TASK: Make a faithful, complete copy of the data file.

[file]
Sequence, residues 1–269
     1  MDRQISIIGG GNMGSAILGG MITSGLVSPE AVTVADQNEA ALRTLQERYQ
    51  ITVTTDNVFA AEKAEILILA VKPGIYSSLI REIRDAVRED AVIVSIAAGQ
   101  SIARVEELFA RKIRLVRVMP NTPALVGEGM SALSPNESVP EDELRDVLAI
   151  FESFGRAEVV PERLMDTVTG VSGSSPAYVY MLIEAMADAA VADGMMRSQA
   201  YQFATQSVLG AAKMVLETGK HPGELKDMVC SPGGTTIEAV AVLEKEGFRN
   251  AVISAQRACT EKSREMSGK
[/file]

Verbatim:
Sequence, residues 1–269
     1  MDRQISIIGG GNMGSAILGG MITSGLVSPE AVTVADQNEA ALRTLQERYQ
    51  ITVTTDNVFA AEKAEILILA VKPGIYSSLI REIRDAVRED AVIVSIAAGQ
   101  SIARVEELFA RKIRLVRVMP NTPALVGEGM SALSPNESVP EDELRDVLAI
   151  FESFGRAEVV PERLMDTVTG VSGSSPAYVY MLIEAMADAA VADGMMRSQA
   201  YQFATQSVLG AAKMVLETGK HPGELKDMVC SPGGTTIEAV AVLEKEGFRN
   251  AVISAQRACT EKSREMSGK